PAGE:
I don't usually plan my trips in advance, beyond the basic idea of the adventure, and it's for this reason: I don't ever stick to the plan.
|Laughing at this also helped pass the time.|
I managed to get the first few steps right. Ballroom was fun, and having a reserved seat on a train felt a bit fancy. I even got to see the two previous trains link-up. It was pretty cool. It sort of looked like a double-ended pneumatic fitting.
After that, everything was a bit off, schedule wise. I felt no real need to spend the night in Tokyo, so I kept on the tracks toward Mt. Fuji. It turns out there was train work, the entire way. A two train route turned into four, and an hour long commute turned into four. Though, something good did come out of it.
While waiting for one of the transfers, I was behind what was obviously an American Air Force family: mom, dad, and an upper elementary/middle school daughter (we'll call her Paula). It wasn't until we were on the train that Paula turned to me and said, "So do you just like, travel?"
I had to white board it pretty hard through most of the conversation, but she was an amazing young lady. It pretty much made my night talking to her. Her mom, imparticular, was very supportive of my vow. Which gave me some hope that her parents would incentivise her to learn a bit more Japanese.(If you did "get the time" to check the site out, Paula, I wish you the best for the rest of your time in Japan and in life. You're awesome! Note, I'm not saying you should stop speaking English too, [your mom might ground you] but try and pick it up as much as you can. I know The Base isn't the best place to try and do so, but you wont regret it. I promise.)
Once I was finally in Fuji Town, I tried my best to find The Shrine. There are three major starting points and it seemed everyone wanted to give me directions to a different one. I opted for dinner and a good squat spot instead. In the morning, it was kind of easy to figure out which way to go.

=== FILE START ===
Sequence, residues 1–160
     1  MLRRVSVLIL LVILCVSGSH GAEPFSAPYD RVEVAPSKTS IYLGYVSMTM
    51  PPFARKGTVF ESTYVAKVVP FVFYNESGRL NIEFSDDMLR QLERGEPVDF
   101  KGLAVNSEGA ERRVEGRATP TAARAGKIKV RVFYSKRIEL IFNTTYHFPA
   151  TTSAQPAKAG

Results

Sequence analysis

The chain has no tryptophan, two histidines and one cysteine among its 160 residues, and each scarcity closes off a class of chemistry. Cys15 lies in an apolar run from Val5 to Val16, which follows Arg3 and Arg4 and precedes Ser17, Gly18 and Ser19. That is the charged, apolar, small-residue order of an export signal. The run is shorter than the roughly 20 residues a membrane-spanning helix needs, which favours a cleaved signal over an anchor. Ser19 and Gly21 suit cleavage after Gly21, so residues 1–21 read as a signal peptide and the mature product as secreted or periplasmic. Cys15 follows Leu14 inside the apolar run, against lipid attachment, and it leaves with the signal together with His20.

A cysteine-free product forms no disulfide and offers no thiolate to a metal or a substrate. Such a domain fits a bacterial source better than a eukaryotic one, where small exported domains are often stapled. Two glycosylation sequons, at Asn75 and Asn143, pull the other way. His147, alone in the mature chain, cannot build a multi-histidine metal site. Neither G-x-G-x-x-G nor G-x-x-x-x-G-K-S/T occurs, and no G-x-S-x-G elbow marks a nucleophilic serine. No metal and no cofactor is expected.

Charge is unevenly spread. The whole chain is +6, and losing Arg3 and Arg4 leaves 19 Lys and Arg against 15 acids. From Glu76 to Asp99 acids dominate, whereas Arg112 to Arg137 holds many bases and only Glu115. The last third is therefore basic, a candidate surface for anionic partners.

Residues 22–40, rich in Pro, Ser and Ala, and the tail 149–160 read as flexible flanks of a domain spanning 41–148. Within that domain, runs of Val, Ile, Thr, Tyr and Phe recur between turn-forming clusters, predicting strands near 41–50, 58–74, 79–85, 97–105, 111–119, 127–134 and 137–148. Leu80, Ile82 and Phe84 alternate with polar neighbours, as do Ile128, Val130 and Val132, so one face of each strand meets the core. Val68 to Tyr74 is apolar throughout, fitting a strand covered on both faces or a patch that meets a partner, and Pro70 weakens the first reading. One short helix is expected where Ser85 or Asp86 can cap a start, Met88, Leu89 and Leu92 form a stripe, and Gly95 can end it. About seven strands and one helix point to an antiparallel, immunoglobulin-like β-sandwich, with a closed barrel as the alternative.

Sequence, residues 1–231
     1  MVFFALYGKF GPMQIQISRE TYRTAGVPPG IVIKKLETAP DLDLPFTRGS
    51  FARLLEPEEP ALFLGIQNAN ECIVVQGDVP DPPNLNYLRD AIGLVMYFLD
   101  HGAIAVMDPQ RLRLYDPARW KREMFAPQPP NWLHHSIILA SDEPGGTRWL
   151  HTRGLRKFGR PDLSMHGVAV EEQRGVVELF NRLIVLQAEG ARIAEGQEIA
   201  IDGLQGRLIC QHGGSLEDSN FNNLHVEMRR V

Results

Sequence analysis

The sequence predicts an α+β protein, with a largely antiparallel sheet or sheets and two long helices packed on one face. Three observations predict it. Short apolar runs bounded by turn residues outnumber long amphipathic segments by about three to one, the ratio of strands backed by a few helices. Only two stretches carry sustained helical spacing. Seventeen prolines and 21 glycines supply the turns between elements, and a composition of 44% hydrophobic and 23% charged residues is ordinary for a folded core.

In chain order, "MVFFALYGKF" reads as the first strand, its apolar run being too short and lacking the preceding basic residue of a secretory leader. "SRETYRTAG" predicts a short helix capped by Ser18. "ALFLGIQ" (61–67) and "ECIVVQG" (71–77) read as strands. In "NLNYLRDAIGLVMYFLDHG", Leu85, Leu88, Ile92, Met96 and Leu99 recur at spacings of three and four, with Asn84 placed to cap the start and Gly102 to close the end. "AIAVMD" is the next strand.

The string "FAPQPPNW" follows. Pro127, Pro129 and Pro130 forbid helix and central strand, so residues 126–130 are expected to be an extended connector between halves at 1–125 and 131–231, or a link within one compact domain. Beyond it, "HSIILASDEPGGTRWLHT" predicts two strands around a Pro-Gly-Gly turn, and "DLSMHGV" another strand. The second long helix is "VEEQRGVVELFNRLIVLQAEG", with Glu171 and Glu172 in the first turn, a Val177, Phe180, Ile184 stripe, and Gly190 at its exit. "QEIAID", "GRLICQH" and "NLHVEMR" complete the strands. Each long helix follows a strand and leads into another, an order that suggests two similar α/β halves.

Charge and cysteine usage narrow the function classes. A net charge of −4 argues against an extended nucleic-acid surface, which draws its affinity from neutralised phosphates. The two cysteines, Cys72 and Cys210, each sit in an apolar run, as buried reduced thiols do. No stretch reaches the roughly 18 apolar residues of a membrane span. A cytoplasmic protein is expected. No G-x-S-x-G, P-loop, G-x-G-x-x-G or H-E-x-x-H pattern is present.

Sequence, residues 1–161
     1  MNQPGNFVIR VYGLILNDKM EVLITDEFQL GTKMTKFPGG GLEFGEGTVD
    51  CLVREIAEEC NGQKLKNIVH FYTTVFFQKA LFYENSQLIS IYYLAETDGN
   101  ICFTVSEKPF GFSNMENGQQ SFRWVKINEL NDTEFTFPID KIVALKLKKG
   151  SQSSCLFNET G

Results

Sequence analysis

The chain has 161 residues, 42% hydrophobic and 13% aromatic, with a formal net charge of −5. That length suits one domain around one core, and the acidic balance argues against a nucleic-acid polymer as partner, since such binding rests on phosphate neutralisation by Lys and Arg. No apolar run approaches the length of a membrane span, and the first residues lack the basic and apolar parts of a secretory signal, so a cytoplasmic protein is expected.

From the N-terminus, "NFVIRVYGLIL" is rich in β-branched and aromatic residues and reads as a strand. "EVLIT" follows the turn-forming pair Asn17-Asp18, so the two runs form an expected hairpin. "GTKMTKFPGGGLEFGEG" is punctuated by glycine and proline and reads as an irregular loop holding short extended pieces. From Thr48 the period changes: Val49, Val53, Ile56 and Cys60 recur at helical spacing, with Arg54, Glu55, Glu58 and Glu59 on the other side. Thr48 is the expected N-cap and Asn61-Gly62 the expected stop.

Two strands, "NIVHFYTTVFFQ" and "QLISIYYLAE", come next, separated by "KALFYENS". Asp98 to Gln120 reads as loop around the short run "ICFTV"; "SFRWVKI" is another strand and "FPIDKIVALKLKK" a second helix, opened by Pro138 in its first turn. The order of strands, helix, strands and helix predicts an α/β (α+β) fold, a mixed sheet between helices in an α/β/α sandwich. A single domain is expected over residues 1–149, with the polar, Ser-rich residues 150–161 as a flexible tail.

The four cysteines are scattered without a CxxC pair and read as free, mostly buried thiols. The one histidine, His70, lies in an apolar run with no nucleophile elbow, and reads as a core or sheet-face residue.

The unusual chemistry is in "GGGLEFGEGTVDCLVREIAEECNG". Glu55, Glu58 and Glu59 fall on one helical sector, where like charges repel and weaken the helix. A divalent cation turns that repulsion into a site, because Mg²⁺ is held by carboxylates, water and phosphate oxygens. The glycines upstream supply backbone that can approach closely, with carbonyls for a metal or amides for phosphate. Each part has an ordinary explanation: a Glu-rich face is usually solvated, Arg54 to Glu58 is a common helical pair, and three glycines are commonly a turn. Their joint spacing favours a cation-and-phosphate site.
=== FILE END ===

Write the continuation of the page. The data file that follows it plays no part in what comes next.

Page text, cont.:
|It's not too hard to miss.|
At this point, I was still in need of some eclipse glasses (way more important than proper snow gear, right?). Paula, had informed me that 7-11s were selling them. The one in town that I had passed by was sold out and so was the gift shop next to the Welcome Center, so I solicited a hitch in the parking lot. It was semi-unintentional, but at the same time, I kind of meant to. Once you figure out how sell people on giving you a ride, it just kind of happens.
This American/Japanese couple was great! They zipped me around town until we found a pair at another 7-11, $18... I still high fived the cashier.
Once back at the Welcome Center, I started to walk once more towards Fuji. I didn't head straight for the foot path, and this little number makes me happy I didn't:
Each section of music is indicated with a music note on the road.
Once on the foot trail, I didn't stay for long. The map they gave me blew. Several trails were unmarked. One such path must have lead backs to the main road because I took it.
At this point, I had a decision to make:
A) I could walk the longer, less hilly paved road (that was filled with noisy smelly cars that no longer played me music).
B) I could walk 20 minutes back, a total of 40 minutes wasted, and walk the more time consuming, hilly foot path.
I went with C: Hitchhiking.
In doing so, I also discovered a new use for my whiteboard, hitch signs:
It turns out, I messed up both kanji, but that didn't seem to matter. Within five minutes, I had a ride to Stage 5 of the mountain (the highest of the nine that vehicles can go).
It was quite an interesting car load. There were two gap-year Swedes, Bono (a Japanese guy around the same age), and the latter's father. The Swedes apparently met Bono while backpacking through mainland Asia somewhere.
|The Toilets at Station 5|
After a few photo opts around the Stage 5 though, my new friends had had enough of the cold, and they left me to my mountain. I managed to bum a couch on the second floor of the gift shop. It was a good chance to recharge my phone as well as myself.
The internet's allusion to "staying the night and then hiking to the summit for the sunrise," was not for the off-season. I had six hours of climbing to do before I hit Stage 8, and from there it would be an additional half-hour climb, in the early morning, to the summit.
END OF PART 1
Sorry all. I don't mean to leave you hanging, but I cant fit this all in one post.
Oh and there's the obligatory plug for my KICKSTARTER, The Hitchhiker's Guide to: Earth. If you enjoyed this post, you'll love the book. BACK IT (please).